Tuesday, August 24, 2010
I am afraid of my own house, and it's not the ghosts that are living here that frighten me. (Yeah, that blog is coming.) I am shouldering a most unhealthy fear of Household Disasters, and because of my phobia-filled mind, fifteen years of home ownership have caused me to pen my imaginary epic masterpiece, “The Book of Catastrophic Plumbing and HVAC Related Events That Will Eventually Happen to Me”. I know in my heart that one day, I will come home from work only to open the door and find water flooding my downstairs and pouring like rain from the light fixtures. These slightly irrational appliance-centered nightmares are keeping me awake at night.
I have a secret daily routine that I use to ensure that all systems are operational and not on the brink of cataclysmic failure. It’s rather low tech, but so far, it has worked for me. It goes something like this:
1. Upon waking each morning, I turn the water in the bathroom all the way over to the “H”, and I mutter under my breath, “Please, please, please let the water be hot! Come on…heat up already...whew!” Once the maximum tolerable (scalding) water temperature is reached, the water heater check is complete.
2. Next, I move on to the heating and air conditioning system. This test consists of me standing by a vent when I hear the air start to blow, and muttering under my breath, “Please, please, please let the air be cool! (Or warm) Come on…come on…whew.” Once the seasonally appropriate temperature of air flow is reached, the HVAC check is complete.
3. Lastly, I stand in the kitchen, making sure the house is silent so that I can wrench my neck to hear if any pipes are spewing water beneath the house. For this test, I have been known to go so far as to press my ear against the hardwood floor or walls as needed. Lately, my rushing water scares have actually just been the deafening chirps of cicadas outside the window, masquerading as my worst nightmare.
I even step out onto the deck each morning just to ensure that the waterfall in the pond is flowing properly. I think you get the neurotic picture.
Now, before you start spouting off a list of pharmaceuticals that will ease my fear of Plumbing and Electrical Systems in General, you should know that there is a perfectly sane reason that ice makers and washing machine hoses scare me. I have been to the Land of Exploding Water Pipes, my friend, and I have the post traumatic stress to prove it.
It was a dark and stormy night. Okay...so it wasn't stormy, but it was dark, and I was sound asleep in our first home that we had lived in only a year. I awoke to a soft sound that I didn't recognize at first. I sat up in the bed to get a better listen. "Did I leave the fan on after exercising?" Possibly, so I decided to investigate, you know, just to make sure the fan didn't overheat and burn down the house. (That is SO not an irrational thought!)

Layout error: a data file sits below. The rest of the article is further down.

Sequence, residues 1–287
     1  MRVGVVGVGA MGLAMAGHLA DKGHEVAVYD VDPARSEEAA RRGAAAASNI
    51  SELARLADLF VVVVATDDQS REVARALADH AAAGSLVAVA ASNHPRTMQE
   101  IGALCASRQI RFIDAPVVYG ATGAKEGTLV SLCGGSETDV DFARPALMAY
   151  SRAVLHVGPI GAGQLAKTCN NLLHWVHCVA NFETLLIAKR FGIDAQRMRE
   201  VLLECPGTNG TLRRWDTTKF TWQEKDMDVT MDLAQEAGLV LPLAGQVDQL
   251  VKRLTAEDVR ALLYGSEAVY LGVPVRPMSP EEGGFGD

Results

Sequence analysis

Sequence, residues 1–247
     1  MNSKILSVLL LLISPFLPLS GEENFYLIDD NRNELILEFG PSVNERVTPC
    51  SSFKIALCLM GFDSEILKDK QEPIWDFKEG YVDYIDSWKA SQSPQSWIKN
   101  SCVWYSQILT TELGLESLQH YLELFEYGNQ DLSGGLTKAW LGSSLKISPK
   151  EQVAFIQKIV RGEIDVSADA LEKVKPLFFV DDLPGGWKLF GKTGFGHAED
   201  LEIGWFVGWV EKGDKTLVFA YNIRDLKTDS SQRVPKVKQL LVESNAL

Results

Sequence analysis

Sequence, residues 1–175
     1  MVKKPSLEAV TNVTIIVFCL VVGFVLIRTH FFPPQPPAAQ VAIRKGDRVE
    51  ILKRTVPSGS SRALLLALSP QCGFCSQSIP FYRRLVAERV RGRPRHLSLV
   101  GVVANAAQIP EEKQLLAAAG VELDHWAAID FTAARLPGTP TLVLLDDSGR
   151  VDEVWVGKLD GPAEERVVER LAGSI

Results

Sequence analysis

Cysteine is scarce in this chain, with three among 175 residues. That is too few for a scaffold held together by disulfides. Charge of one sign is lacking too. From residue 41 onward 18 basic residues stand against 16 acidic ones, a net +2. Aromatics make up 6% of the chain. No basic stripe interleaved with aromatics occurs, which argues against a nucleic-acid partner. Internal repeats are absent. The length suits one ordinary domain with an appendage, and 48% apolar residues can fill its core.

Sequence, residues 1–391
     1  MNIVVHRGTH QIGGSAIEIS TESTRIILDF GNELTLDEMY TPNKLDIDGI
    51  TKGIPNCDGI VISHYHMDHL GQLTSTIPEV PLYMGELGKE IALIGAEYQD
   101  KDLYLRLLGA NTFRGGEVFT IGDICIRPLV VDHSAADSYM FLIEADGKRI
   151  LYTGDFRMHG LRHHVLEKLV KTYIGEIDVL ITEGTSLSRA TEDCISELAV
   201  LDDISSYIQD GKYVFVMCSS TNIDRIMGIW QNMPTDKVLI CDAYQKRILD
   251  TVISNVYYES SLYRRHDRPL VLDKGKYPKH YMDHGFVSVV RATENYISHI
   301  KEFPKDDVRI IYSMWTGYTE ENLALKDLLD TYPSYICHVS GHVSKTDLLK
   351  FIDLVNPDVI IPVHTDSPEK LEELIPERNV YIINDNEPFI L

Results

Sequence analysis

The hallway was completely dark as I crept slowly along. Then, just when I reached the halfway point to the kitchen, I was sprayed squarely (and painfully) against the side of my head by a mean, hard blast of water. What happened next is a little sketchy, but I'm fairly certain that I let out a yell like someone was stabbing me with a blunt kitchen knife. My horror-movie-style screams roused my husband who came running in my direction, only to end up taking a midnight shower in the hallway, just like me.
The next few minutes were a blur of wetness as we rushed around trying to discover the origin of the Pipe from Nowhere. It was in our hallway, but it didn't seem connected to either the kitchen or the bathroom that were adjacent. Time was of the essence now, because the water was already pouring into several rooms, and disintegrating the opposite wall.
As I rushed through the house turning off any and every knob that controlled water, my husband punched the soggy wall to make more room in the hole for him to grab the hard, plastic pipe (Never buy a house with plastic pipes.) and managed to squeeze it until the flow was stopped. (This was an amazing feat, and I expected him to follow it with bending spoons by his brain power alone!) I hurried to the garage and found a vice clamp to relieve his poor fingers, and we took a moment to re-group.
The water was down to a trickle, but we had to shut it off completely because no plumber was coming out at two in the morning no matter how much I alternately sweet talked and cried. It would be daylight before it was repaired. (That was fine because, hey, we both just got a really cold shower.)
We sloshed around the house and surveyed the carnage. We had several inches of water throughout the place. There was a giant hole in the wall and sheet rock was hurled about on the drenched carpet. There were visions of claims adjusters dancing in my head.
Once the plumber arrived, the pipe mystery was solved. So, what caused this single devastating event that has scarred home ownership for me for life? The busted pipe belonged to the ice maker. THE ICE MAKER!! When the house was built, Mr. Albert Einstein snaked the pipe up the wall, across the ceiling and over to the fridge. That's why we couldn't figure it out. The pipe was in another part of the house from the appliance to which it was attached!
So, don't tell me my fears are unfounded. Don't even try to assure me that my house is not out to get me. I feel it heaving as we walk the floors. In the winter, I can hear the low, diabolical rumble as the flames of the gas furnace ominously come to life. (And, don't even get me started on explosions caused by natural gas - I shudder at the thought.) Wainscoting and crown molding do not fool me. I have assumed the role of Domestic Warrior - Mistress of the Leaky Faucets and Garage Door Gatekeeper Extraordinaire. It's me against this Monster House, and yes, I have the insurance guy on speed dial.